Rotate the quilt so you can keep stitching down the next side of binding. Check that the new "top" edge of binding (a fold) aligns with the top edge of the quilt and that the raw edges of the folded binding strip and raw edge of the quilt are also aligned down the new side. Keep stitching using the same seam allowance (scant 3/8") and repeat the pivot at all corners.
After you have stitched past all four corners, sew until you are approx. 12" away from the first stitch.
Pull the quilt out from the machine and flatten the unbound area as best you can. Bring the binding tails together (keeping them flattened with the quilt) and trim so they overlap by exactly 2½". 
Unfold the binding tails and bring them right sides together at a bias (same as earlier), but overlapping the ends by 1/8". (This will feel like a small wrestle because of the heaviness of the quilt attached to the binding, plus threads keeping you tethered to the sewing machine, etc. Pull the quilt out enough from the machine so you can move it the way you need to; also fold/bunch the quilt as needed to help. Whatever you need to do to accommodate the binding tails so they can be brought right sides together at a 90 degree angle, overlapping by 1/8". Mark a diagonal line, and pin in place.
Sew along the marked line and trim 1/4" seam allowance. When you let go of the binding, it should be a perfect fit to the quilt. (Double check by holding the quilt taut--the binding should stretch to fit the area... if it feels a little too loose, it's easy to pick out the stitches of the diagonal seam and make a small adjustment.)
Once you know it's good, finger-press the seam open. Re-fold the strip in half, and finish stitching the binding to the quilt.
Take the quilt to your ironing board, front facing down. (This is what it will look like before folding the edge of the binding over to cover the seam.) I just want to point out that the goal is to cover that seam by approx. 1/8", because that seam is basically where the stitching will come through again. Covering the seam by 1/8" with consistency is important and help it look as flawless as possible.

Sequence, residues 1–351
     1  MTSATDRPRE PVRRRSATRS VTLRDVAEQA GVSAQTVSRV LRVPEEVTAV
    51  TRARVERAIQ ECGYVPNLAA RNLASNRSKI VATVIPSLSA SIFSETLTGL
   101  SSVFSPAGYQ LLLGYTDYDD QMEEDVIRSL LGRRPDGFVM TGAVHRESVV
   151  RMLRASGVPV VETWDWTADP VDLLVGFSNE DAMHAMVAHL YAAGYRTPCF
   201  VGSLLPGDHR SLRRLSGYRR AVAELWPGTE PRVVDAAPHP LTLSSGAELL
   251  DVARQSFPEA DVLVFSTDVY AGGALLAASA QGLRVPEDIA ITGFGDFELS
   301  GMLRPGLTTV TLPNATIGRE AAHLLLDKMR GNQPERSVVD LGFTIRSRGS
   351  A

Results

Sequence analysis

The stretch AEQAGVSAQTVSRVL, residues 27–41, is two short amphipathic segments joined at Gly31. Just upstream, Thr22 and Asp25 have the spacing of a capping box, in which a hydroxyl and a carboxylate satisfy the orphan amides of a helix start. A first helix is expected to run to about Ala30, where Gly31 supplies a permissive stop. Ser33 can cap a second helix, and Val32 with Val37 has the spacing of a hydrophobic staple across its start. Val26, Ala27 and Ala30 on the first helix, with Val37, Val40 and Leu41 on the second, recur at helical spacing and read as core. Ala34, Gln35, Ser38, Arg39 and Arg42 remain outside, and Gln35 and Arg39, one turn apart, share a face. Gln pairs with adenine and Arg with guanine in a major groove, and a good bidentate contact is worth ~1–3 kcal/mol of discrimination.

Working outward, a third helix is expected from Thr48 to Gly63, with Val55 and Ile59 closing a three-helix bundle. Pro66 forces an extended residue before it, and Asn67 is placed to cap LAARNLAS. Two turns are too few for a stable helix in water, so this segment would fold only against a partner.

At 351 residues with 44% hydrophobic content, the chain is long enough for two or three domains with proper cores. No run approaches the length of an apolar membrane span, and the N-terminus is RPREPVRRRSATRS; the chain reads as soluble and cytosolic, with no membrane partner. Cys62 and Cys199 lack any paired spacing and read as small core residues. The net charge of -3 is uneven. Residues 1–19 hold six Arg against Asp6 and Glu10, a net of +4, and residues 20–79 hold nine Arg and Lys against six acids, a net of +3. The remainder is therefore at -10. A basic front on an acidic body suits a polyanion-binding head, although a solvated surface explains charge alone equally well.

Working from right to left, fold the binding over and press. (At the ends, the binding will form a point.)
After the section is pressed, draw a thin line of Elmer's School Glue above the seam.  
Re-fold the binding down and iron with a quick shot of steam, again focusing on covering the seam consistently by 1/8". Because of the glue, the binding will be stuck in place right where you want it to stay! Keep moving along the quilt in sections to press/glue the binding in place.
When reaching the end of a side, again, the binding will come out to a point like this.
Fold in the adjacent side of binding to miter the corner. Proceed to press and glue that adjacent side until you've gone around the whole perimeter of the quilt.
For the next step--you have two options. 
1) Finish by stitching the binding to the back of the quilt by hand (like I used to do) with a needle and thread. No binding clips needed! 
2) Finish stitching the binding in place by machine in the following steps.
Bring the quilt (face up) back under the sewing machine and "stitch in the ditch" (aka the line where binding meets quilt). Since we've covered the seam on the back by 1/8", the stitching hits right where we planned it to. I will sometimes place my finger on top of the quilt where I'm about to stitch to feel the binding edge underneath to confirm it's 1/8" out from where I'm about to stitch. (NOTE: If you're worried about the seam not hitting the right place on the back, you can actually stitch into the top binding area instead of "in the ditch." Just be consistent with whatever you choose.)
And that's it! As I said earlier, it takes practice and you will discover what works best for you along the way. Here's how mine looks on the back. Not technically perfect, but pretty darn close.
Oh and in case you're wondering--this quilt is one of my Homestead quilts--mixing my Lollipop Garden fabric with Wildwood by Rifle Paper Co for Cotton + Steel. The binding is a striped print from Lollipop Garden.
Hope you found this helpful, the ironing and gluing has made a big difference for me!